A new detailed pro-forma income statement just released by #MLS2LV appears to have a $4-million “hole” that will turn the stadium’s promised profit into a loss, and likely leave city taxpayers on the hook.
Here’s the study: AECOM LV Stadium Revenue Proforma
Sunday afternoon, city staff distributed a detailed pro-forma income statement on the proposed new soccer-specific stadium to members of the City Council. The 104-page document was prepared by AECOM consultants and paid for by Cordish. It is dated August 20, but was apparently not sent to the city until this weekend.
On page 88 of the PDF file, the first five years’ revenue and expense are shown side-by-side.
For 2017, more than half of the stadium’s forecast total revenue comes from rent of 4.5-million, in round numbers. Page 89 includes a narrative description of where this rent comes from. It includes $3.5-million in rent from the MLS team, supplemented by much smaller amounts from other renters of the stadium. The stadium is the landlord and the teams are the tenants, or renters.
This is the same $3.5-million that the City has earmarked for helping to pay back the “general obligation” bonds (the city wants to borrow appx $120-million to help fund stadium construction, guaranteed by the city’s general fund revenue). The loan (bond) payments are actually about $7-million per year for the first ten years, then $8-million per year for the next twenty years.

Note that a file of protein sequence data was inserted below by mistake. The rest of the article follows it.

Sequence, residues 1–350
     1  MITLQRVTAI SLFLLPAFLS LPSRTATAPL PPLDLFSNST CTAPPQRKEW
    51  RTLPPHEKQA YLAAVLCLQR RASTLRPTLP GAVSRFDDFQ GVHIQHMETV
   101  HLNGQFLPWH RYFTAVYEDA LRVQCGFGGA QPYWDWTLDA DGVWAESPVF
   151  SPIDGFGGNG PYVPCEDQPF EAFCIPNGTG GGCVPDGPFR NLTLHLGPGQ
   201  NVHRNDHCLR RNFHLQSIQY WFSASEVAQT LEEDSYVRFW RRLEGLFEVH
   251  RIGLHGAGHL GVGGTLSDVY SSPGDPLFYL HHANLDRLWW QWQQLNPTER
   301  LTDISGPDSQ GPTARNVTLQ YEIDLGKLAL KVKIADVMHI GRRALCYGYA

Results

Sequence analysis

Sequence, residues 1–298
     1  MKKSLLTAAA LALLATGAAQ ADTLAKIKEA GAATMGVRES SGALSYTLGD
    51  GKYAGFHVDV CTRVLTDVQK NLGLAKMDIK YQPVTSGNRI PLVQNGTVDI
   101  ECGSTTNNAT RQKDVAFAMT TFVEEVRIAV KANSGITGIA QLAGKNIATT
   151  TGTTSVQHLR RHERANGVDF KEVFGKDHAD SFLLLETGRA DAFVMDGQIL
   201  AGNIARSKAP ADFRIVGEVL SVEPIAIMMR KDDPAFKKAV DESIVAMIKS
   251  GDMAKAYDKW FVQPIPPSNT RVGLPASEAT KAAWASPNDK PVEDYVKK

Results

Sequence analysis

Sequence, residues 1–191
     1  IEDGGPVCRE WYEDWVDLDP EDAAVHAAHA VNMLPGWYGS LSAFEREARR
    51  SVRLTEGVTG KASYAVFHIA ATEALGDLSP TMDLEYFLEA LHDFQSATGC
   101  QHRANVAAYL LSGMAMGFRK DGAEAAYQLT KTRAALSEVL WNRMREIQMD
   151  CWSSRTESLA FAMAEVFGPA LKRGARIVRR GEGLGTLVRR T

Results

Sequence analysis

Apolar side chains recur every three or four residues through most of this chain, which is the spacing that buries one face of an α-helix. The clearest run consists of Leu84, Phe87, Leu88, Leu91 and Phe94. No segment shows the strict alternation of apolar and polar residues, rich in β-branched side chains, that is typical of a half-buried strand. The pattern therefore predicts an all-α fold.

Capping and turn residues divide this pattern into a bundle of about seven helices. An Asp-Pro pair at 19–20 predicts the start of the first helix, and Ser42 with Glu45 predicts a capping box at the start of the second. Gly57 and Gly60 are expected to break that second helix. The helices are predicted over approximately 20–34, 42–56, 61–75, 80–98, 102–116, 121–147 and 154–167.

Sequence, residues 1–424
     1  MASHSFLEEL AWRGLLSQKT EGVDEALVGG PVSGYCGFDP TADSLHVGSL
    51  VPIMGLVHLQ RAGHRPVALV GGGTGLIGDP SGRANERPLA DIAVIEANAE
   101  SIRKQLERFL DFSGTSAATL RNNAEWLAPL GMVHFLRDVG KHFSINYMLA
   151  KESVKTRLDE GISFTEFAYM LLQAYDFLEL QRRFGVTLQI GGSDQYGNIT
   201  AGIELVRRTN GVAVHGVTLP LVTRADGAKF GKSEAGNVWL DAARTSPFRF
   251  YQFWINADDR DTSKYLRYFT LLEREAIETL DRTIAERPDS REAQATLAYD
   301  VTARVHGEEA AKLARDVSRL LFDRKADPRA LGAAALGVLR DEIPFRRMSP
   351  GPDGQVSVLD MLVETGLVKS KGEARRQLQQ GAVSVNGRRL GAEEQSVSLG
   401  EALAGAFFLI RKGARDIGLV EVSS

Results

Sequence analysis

City staff says the loan repayment will require the $3.5-million from MLS team rent, and another half-million from other events at the stadium. This is a total annual payment by the stadium ofÂ $4-million per year for the first decade, increasing to $5-million in years eleven through thirty. In addition, $3-million per year will be cut out of city’s spending for parks and redirected to the loan repayment.
On page 88, the stadium shows itself collecting these rents (and spending most of it on operating costs), rather than going to the city (where it would be spent on loan payments).
The stadium pro-forma does not have an “expense” line of $4-million in loan payments.
The pro-forma proposes to spend the same $4-million per year two times, once (shown on the pro-forma) for operating expense and profit, and a second time (not shown on the pro-forma) for debt repayment.
Adding the loan repayment cost to the pro-forma would turn the stadium’s proposed profit into a loss, which under the terms of the proposed agreement would be covered by taxpayers. Because Nevada is not a “home rule” state, raising taxes is not an option for the City Council. Instead, services would have to be reduced.